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Zelensky and the Pentagon acknowledge that the counteroffensive has had to be “paused” amid losses

The New York Times in a weekend story admitted that things look dire for the chances of Ukraine’s counteroffensive, acknowledging that President Zelensky had been forced to put it on “pause” at one point given

The story, titled “After Suffering Heavy Losses, Ukrainians Pause to Rethink Strategy,” still tried to put a positive spin on the serious situation for Kiev:

Part of the improvement came because Ukraine changed tactics, focusing more on wearing down Russian forces with artillery and long-range missiles to charge against minefields and enemy fire.

But this good news obscures some sad realities. Losses have also slowed because the counteroffensive itself has slowed down — and even stopped in some places — as Ukrainian soldiers battle Russia’s formidable defenses. And despite the losses, the Ukrainians So far they’ve only done five of the 60 miles they hope to cover to reach the sea to the south and split the Russian forces in two.

This after admitting that only within the first two weeks of the counteroffensive Ukrainian forces lost about 20% of the weaponry that had just been supplied by the West, including tanks and armored vehicles. The much vaunted offensive had begun in May, but it has not translated into big gains.

“This week, the President of Ukraine, Volodymyr Zelensky, he acknowledged that there had been a brief pause in operations a few weeks ago, but blamed it on a lack of equipment and ammunition and called on Western allies to speed up the pace of deliveries,” wrote the time.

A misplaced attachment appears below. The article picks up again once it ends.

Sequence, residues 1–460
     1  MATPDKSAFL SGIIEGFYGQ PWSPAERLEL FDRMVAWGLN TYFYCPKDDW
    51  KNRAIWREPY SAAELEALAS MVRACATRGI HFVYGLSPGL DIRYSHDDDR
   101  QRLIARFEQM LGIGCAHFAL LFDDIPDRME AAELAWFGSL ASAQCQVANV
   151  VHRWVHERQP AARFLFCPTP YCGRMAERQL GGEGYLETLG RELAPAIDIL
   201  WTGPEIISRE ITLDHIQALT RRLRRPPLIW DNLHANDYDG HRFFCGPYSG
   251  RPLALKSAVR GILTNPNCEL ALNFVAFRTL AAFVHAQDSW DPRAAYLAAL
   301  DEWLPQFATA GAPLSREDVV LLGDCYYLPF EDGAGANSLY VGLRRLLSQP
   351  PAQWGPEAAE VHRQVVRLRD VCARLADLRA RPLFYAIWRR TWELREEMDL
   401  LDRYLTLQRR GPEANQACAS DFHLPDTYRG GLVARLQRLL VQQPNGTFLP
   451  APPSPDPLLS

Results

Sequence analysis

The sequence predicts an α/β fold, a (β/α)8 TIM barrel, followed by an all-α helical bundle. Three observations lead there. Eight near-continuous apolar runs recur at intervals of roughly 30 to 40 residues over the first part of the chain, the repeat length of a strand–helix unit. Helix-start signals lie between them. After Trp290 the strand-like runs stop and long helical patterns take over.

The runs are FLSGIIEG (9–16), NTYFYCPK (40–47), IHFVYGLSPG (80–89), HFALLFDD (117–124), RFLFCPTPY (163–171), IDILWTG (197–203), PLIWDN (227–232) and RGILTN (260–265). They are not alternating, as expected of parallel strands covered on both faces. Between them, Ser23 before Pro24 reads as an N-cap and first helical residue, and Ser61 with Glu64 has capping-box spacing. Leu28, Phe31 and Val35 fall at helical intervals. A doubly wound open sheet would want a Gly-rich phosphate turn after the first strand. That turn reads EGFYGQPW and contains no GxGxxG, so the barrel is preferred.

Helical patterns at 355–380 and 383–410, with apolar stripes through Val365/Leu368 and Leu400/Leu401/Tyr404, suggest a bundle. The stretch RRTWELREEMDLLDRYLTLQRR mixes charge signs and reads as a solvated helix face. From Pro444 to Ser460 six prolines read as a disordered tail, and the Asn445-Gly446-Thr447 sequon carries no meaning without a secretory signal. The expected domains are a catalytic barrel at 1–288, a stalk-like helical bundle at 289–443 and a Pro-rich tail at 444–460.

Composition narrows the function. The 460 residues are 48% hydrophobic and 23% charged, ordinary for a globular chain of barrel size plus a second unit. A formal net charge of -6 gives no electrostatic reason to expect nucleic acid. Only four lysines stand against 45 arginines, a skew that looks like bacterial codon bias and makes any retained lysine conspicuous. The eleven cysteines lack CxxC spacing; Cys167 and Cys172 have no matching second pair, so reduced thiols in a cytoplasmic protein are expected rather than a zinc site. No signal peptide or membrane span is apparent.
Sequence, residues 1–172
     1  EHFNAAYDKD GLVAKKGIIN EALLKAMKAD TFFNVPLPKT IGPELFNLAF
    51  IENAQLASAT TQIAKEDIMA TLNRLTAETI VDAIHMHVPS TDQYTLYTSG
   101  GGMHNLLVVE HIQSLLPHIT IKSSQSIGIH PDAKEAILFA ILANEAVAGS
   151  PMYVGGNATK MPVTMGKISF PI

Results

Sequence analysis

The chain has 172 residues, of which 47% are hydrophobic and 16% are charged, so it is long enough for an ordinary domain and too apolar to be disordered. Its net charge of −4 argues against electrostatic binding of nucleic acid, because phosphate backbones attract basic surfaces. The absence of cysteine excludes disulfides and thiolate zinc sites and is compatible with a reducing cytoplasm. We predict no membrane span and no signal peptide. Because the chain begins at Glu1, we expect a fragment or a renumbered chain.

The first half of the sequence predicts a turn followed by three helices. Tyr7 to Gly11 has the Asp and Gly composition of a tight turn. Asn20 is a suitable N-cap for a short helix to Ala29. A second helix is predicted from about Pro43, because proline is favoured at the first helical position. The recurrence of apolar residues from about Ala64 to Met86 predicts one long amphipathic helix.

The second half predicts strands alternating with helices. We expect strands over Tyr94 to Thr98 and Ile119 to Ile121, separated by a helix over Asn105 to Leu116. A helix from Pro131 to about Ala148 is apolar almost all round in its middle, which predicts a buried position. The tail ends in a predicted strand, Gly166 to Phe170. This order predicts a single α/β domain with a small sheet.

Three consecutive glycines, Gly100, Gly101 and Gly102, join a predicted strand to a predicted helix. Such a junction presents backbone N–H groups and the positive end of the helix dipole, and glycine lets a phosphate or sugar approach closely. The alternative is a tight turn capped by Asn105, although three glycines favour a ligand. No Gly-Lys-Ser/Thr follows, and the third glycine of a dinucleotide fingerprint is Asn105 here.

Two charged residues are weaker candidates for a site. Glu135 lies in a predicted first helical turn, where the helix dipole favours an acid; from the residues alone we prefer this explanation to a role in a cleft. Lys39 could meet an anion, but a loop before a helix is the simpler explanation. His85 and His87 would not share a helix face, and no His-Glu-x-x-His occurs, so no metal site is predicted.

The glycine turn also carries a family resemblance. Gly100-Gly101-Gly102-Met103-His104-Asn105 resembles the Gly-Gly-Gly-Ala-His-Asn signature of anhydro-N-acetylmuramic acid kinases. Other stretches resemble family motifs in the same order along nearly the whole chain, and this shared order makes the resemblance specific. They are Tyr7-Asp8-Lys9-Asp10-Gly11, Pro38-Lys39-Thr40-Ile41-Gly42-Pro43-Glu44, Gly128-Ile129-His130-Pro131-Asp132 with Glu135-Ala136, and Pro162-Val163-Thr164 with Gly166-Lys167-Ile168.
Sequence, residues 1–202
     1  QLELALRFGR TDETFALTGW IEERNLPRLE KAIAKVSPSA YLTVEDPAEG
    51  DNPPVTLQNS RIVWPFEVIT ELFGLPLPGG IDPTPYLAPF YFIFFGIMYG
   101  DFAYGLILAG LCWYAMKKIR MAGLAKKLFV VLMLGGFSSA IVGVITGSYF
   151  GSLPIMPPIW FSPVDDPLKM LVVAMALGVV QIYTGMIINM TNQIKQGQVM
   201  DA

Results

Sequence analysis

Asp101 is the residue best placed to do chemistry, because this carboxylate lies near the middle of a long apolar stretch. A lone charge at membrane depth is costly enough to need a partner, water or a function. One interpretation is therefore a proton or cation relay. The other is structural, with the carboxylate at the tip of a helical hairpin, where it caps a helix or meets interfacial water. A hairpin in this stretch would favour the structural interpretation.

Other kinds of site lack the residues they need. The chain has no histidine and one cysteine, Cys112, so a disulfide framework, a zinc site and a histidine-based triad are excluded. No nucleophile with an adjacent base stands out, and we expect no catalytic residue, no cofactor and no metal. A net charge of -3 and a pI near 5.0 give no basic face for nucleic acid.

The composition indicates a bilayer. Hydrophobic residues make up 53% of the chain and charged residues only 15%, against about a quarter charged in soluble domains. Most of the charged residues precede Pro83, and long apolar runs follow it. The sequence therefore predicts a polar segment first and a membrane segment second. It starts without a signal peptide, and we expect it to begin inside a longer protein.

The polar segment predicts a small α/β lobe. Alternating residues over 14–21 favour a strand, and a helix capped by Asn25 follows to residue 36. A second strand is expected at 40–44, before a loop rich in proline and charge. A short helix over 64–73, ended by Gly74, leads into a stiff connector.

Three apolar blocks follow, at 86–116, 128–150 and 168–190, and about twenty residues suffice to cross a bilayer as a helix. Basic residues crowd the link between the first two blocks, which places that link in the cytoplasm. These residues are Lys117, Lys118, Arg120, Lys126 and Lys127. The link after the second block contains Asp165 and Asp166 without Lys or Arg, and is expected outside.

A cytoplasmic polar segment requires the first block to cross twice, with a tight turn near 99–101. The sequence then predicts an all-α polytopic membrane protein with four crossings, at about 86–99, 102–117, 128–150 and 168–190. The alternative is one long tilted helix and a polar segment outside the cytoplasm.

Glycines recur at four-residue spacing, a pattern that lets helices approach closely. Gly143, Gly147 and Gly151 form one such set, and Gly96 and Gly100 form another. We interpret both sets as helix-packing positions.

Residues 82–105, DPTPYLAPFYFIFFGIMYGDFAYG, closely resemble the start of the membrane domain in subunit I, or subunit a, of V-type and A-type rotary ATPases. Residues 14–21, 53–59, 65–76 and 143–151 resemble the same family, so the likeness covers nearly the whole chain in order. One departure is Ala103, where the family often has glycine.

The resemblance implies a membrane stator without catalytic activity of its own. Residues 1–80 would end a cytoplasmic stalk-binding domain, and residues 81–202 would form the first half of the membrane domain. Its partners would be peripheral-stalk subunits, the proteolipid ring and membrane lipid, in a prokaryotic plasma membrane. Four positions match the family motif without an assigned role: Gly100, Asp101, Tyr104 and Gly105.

The report emphasized that the The Pentagon has since publicly acknowledged the “pause”but later added: “US officials acknowledged the pause and said the Ukrainians had begun to move again, but more deliberately, more adept at navigating minefields and aware of the risks of casualties.”

As for Zelensky, he told the nation on Friday that “We all need to understand very clearly, as clearly as possible, that Russian forces in our southern and eastern lands are doing their best to stop our soldiers.” He added: “And every thousand meters we advance, every success of every combat brigade deserves our thanks.”

Very quickly after the counteroffensive began last month, he admitted a “slower than expected” pace while complaining that more Western weapons and artillery are needed.

The start of the counteroffensive about two months ago was accompanied by dazzling Western media coverage of the rapid successes that would ensue. Even before that, most accounts of the battlefield situation were heavily skewed to fit a pro-Kiev and pro-Western narrative, but the reality has turned out to be much messier and, ultimately, illusory.



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